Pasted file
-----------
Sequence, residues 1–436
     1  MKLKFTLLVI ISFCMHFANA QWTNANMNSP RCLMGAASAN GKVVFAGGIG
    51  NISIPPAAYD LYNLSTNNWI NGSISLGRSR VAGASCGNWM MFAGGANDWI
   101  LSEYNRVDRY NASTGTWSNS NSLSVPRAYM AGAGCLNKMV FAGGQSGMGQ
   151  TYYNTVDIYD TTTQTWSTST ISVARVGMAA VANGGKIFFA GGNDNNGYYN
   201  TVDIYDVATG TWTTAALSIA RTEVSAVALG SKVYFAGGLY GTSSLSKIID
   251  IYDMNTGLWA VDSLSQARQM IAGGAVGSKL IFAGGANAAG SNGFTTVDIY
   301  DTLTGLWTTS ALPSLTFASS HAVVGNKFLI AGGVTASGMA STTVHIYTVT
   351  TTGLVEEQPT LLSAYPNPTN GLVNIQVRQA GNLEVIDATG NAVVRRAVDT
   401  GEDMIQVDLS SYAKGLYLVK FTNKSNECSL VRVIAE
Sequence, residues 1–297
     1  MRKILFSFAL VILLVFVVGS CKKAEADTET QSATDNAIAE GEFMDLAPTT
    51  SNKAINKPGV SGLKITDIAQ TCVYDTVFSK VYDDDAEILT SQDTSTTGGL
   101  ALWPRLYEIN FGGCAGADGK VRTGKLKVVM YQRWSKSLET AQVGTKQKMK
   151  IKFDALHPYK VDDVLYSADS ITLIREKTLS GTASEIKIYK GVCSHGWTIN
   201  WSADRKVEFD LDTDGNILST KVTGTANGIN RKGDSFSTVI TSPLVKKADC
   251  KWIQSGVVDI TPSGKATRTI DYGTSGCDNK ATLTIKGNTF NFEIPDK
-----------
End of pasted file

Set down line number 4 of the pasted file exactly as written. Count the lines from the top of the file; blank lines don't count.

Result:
   101  LSEYNRVDRY NASTGTWSNS NSLSVPRAYM AGAGCLNKMV FAGGQSGMGQ